You Might Want To Sit This One Out 

In 2022, a massive correction began in the startup ecosystem. Rising interest rates led to plummeting startup valuations and venture firms struggling to raise new funds. Global venture funding fell 35% between 2021 and 2022, and startup valuations dropped by an average of 34% across all stages. And it has not gotten better – in fact fast forward to the first quarter of 2024, and we have witnessed more startups go out of business than at any time this decade

Where Are We Now?

  • Startups and venture firms are still learning to survive with less. Startups have restructured, prioritized profitability, lowered burn, and extended runway in hopes of deferring their next fundraise.
  • Venture firms have slowed new investments, increased diligence, raised prices and deferred new funds.

Where We’re Headed

As we enter the back half of 2024, little has improved. In fact, we may be headed for an even tougher road. If you’re a startup, you might want to stay on the sidelines a bit longer before trying to raise again.


  • It’s never been harder to raise a fund. Limited Partners (LPs) are passing on the venture asset class thanks to stubbornly high interest rates, an aggressive anti-M&A DOJ, and a good deal of US political uncertainty.
  • The result is that those investors with capital to deploy are doing more window shopping and less check writing. By slowing down they are stretching out their prior funds hoping to remain active in the market until the LP environment improves. In other words, the supply side of the capital raising marketplace is highly constrained.

Advice For Founders

Nearly 25% of Enjoy The Work’s roster of startups intends to raise outside capital in H2. How are we advising them? With a dead-simple rubric:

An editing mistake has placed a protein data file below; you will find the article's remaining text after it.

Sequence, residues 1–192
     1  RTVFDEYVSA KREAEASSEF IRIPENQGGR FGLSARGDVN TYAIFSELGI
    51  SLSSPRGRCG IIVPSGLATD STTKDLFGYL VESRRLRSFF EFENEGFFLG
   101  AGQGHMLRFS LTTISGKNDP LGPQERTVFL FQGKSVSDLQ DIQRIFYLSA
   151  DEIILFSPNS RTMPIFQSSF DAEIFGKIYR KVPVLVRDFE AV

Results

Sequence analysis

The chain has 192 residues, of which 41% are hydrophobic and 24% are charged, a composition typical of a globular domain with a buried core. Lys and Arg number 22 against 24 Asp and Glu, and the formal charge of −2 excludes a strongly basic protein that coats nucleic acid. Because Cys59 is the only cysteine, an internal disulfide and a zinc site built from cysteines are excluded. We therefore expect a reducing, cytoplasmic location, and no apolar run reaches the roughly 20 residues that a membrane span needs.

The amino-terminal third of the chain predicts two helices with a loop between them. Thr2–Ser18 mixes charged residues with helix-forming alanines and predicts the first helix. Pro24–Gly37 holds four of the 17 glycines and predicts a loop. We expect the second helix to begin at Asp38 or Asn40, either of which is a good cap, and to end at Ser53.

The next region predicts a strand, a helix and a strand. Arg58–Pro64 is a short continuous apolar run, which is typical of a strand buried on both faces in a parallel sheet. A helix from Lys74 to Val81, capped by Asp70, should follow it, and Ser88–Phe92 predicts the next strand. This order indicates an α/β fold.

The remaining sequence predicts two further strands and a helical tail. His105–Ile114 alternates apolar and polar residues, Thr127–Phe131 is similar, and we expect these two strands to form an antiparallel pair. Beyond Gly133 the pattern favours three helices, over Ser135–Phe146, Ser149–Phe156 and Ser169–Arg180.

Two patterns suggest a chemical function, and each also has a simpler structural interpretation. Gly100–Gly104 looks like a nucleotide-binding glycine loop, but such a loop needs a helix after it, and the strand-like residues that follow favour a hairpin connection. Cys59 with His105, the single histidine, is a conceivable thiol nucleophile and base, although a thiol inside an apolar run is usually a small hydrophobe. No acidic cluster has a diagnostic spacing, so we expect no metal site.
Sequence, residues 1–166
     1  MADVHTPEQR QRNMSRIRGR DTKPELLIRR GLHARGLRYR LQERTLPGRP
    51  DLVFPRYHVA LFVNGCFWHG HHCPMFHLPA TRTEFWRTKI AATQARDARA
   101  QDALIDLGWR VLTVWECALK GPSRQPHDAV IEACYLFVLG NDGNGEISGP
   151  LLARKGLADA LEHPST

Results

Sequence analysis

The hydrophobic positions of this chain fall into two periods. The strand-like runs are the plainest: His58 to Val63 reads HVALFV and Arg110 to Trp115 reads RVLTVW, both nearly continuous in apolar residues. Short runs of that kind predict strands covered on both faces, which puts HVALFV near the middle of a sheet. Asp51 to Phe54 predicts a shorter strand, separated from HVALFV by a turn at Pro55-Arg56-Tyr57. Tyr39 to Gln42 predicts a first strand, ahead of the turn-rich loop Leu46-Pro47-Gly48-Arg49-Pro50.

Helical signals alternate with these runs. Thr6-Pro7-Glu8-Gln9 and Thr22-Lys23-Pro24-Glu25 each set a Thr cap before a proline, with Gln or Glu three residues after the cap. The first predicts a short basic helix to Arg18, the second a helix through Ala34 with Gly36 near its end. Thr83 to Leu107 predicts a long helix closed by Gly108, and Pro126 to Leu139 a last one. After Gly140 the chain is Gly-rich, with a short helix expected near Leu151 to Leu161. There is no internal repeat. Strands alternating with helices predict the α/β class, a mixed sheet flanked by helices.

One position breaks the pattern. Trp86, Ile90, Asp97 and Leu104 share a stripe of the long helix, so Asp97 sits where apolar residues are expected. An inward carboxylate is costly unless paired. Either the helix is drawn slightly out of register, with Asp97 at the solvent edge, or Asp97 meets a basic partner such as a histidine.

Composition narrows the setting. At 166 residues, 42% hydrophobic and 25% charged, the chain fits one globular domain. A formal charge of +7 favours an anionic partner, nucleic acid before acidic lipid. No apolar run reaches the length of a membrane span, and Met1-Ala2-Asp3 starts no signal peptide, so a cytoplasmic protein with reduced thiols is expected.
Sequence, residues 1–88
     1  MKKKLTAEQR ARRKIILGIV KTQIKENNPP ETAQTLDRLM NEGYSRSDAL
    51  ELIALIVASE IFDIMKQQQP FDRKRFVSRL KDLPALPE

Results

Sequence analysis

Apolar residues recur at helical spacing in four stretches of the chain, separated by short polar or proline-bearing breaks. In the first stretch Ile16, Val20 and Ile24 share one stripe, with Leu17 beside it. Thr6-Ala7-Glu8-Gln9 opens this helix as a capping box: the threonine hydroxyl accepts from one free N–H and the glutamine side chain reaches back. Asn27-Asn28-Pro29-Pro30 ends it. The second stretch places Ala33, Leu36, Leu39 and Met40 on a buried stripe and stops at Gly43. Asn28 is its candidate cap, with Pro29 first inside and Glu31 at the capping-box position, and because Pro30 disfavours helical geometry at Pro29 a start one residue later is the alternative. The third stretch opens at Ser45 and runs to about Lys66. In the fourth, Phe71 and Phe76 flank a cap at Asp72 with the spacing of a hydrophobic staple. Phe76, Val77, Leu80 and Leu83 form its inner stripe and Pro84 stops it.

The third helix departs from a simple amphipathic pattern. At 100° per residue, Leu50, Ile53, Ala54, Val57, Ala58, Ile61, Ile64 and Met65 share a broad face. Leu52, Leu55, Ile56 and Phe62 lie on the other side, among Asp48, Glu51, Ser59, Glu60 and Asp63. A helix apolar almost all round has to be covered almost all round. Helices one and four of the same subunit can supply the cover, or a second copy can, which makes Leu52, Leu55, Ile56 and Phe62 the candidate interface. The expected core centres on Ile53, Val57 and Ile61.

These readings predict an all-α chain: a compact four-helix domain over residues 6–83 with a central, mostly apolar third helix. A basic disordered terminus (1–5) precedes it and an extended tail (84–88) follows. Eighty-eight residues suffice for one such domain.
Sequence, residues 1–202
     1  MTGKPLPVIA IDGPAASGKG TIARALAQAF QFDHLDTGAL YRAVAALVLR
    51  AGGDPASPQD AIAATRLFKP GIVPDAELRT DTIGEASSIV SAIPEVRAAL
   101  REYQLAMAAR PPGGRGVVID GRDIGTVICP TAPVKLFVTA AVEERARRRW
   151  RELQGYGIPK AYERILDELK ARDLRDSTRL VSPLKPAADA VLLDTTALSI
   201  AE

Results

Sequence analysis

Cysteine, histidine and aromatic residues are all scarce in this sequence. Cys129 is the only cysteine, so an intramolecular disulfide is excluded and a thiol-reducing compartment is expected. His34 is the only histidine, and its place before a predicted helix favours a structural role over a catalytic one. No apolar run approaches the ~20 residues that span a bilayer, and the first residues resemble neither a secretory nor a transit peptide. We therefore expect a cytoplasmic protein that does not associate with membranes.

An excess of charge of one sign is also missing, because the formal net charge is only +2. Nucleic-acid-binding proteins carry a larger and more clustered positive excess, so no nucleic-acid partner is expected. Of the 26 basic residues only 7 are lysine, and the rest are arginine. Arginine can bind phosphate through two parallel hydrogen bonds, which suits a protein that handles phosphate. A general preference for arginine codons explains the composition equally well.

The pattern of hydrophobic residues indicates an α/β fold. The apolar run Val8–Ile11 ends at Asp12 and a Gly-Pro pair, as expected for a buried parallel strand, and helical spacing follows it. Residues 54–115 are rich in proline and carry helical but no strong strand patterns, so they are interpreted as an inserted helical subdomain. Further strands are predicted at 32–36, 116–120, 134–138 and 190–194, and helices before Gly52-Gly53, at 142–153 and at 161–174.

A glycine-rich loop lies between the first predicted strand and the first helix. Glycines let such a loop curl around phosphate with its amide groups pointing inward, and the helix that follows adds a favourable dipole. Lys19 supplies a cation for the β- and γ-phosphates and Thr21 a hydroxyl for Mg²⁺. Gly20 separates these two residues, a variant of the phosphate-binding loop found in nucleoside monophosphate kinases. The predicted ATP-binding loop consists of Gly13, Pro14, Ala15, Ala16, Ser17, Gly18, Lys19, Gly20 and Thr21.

Great Metrics; Low Runway

  • Action: For our startups with top-tier metrics but a short runway, it’s all systems go. We’re advising them to raise but target a much larger pool of investors.
  • Considerations: Even the best startups now face tough odds, similar to a valedictorian student with perfect credentials facing a 30-to-1 shot at their target university.


Great Metrics; High Runway

  • Action: For those with strong metrics and ample runway, we advise enjoying the optionality they’ve cultivated.
  • Considerations: If there’s a compelling reason to raise now, go for it. But if the need for additional capital isn’t clear, delaying until 2025 for potentially better conditions is a reasonable choice.

Low Metrics; Low Runway

  • Action: For startups with low metrics and a short runway, options are limited. If a viable inflection point is ahead, perhaps seek a bridge to find a path to renewed growth. If insider support is lacking, the priority turns to pushing toward profitability to provide a window for an exit.
  • Considerations: Even with a short runway, if our founder has built something of value, the market will reveal a buyer. This is the “soft landing” phrase tossed around in boardrooms, likening a failing startup to a pilot trying to ground an aircraft with minimal damage to the plane, cargo or passengers.

Low Metrics; High Runway

  • Action: For those with suboptimal metrics but plenty of runway, we suggest ignoring fundraising for now. Focus on running experiments until greater acceleration and evidence of product-market fit can be discovered. 
  • Considerations: If bet after bet and pivot after pivot come up empty,  might closing up shop and returning capital be the sanest option? We only get so many swings before we all turn to dust. Let’s make them count. 



At Enjoy The Work, we do believe in founder magic. We’ve seen it time and again. So we know there will be founders who find a way to new capital despite long odds. We don’t wish to sound defeatist. But our job is to provide guidance for what we believe. And in this market, we expect only the best performing startups will enjoy raising capital. For everyone else, we suggest founders save themselves some pain and sit out this round if at all possible.


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